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Not so long ago, nobody met a partner online. Then, in the 1990s, came the first dating websites. Recommended for You Match.com went live in 1995. A new wave of dating websites, such as OKCupid, emerged in the early 2000s. And the 2012 arrival of Tinder changed dating even further. Today, more than one-third of marriages start online. Clearly, these sites have had a huge impact on dating behavior.
But now the first evidence is emerging that their effect is much more profound. The way people meet their partners has changed dramatically in recent years For more than 50 years, researchers have studied the nature of the networks that link people to each other. These social networks turn out to have a peculiar property. One obvious type of network links each node with its nearest neighbors, in a pattern like a chess board or chicken wire.
Another obvious kind of network links nodes at random. But real social networks are not like either of these. Instead, people are strongly connected to a relatively small group of neighbors and loosely connected to much more distant people. These loose connections turn out to be extremely important. “Those weak ties serve as bridges between our group of close friends and other clustered groups, allowing us to connect to the global community,” say Josue Ortega at the University of Essex in the U.
K. and Philipp Hergovich at the University of Vienna in Austria. Loose ties have traditionally played a key role in meeting partners. While most people were unlikely to date one of their best friends, they were highly likely to date people who were linked with their group of friends; a friend of a friend, for example. In the language of network theory, dating partners were embedded in each other’s networks.
Indeed, this has long been reflected in surveys of the way people meet their partners: through mutual friends, in bars, at work, in educational institutions, at church, through their families, and so on. Online dating has changed that. Today, online dating is the second most common way for heterosexual couples to meet. For homosexual couples, it is far and away the most popular. That has significant implications.
“People who meet online tend to be complete strangers,” say Ortega and Hergovich. And when people meet in this way, it sets up social links that were previously nonexistent. The question that Ortega and Hergovich investigate is how this changes the racial diversity of society. “Understanding the evolution of interracial marriage is an important problem, for intermarriage is widely considered a measure of social distance in our societies,” they say.
The researchers start by simulating what happens when extra links are introduced into a social network. Their network consists of men and women from different races who are randomly distributed. In this model, everyone wants to marry a person of the opposite sex but can only marry someone with whom a connection exists. This leads to a society with a relatively low level of interracial marriage. But if the researchers add random links between people from different ethnic groups, the level of interracial marriage changes dramatically.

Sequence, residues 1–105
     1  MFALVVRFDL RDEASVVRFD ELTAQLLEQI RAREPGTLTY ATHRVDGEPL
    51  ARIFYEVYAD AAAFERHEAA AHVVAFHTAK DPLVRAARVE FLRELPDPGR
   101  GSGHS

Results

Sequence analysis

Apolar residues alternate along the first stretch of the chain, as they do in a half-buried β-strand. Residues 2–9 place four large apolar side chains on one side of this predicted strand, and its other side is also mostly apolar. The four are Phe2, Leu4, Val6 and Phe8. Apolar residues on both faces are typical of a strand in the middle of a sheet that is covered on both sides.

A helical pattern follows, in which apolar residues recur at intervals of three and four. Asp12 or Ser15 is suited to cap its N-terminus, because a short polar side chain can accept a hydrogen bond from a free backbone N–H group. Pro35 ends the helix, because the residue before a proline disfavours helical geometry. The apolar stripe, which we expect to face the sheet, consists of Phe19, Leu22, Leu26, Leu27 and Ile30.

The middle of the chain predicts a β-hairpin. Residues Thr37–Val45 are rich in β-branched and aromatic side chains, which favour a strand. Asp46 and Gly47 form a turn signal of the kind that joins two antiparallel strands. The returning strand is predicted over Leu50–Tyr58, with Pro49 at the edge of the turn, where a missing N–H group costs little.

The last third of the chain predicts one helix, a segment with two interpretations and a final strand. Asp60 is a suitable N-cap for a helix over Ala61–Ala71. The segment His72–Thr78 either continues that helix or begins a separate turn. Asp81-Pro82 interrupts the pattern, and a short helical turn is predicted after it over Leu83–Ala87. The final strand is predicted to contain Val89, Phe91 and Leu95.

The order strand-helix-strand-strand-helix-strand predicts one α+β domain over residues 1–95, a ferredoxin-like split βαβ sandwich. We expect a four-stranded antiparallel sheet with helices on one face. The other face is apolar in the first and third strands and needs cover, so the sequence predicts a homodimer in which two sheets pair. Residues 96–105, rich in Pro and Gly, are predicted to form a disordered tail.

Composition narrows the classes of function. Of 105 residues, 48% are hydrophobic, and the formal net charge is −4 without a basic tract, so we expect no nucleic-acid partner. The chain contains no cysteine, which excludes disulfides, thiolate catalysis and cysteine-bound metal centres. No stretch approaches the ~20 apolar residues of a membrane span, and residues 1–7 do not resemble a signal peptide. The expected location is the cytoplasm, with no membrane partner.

“Our model predicts nearly complete racial integration upon the emergence of online dating, even if the number of partners that individuals meet from newly formed ties is small,” say Ortega and Hergovich. And there is another surprising effect. The team measure the strength of marriages by measuring the average distance between partners before and after the introduction of online dating. “Our model also predicts that marriages created in a society with online dating tend to be stronger,” they say.
Next, the researchers compare the results of their models to the observed rates of interracial marriage in the U.S. This has been on the increase for some time, but the rates are still low, not least because interracial marriage was banned in some parts of the country until 1967. But the rate of increase changed at about the time that online dating become popular. “It is intriguing that shortly after the introduction of the first dating websites in 1995, like Match.
com, the percentage of new marriages created by interracial couples increased rapidly,” say the researchers. The increase became steeper in the 2000s, when online dating became even more popular. Then, in 2014, the proportion of interracial marriages jumped again. “It is interesting that this increase occurs shortly after the creation of Tinder, considered the most popular online dating app,” they say.
Tinder has some 50 million users and produces more than 12 million matches a day. Of course, this data doesn’t prove that online dating caused the rise in interracial marriages. But it is consistent with the hypothesis that it does. Meanwhile, research into the strength of marriage has found some evidence that married couples who meet online have lower rates of marital breakup than those who meet traditionally.
That has the potential to significantly benefit society. And it’s exactly what Ortega and Hergovich’s model predicts. Of course, there are other factors that could contribute to the increase in interracial marriage. One is that the trend is the result of a reduction in the percentage of Americans who are white. If marriages were random, this should increase the number of interracial marriages, but not by the observed amount.
“The change in the population composition in the U.S. cannot explain the huge increase in intermarriage that we observe,” say Ortega and Hergovich. That leaves online dating as the main driver of this change. And if that’s the case, the model implies that this change is ongoing. That’s a profound revelation. These changes are set to continue, and to benefit society as result. Ref: arxiv.
org/abs/1709.10478 : The Strength of Absent Ties: Social Integration via Online Dating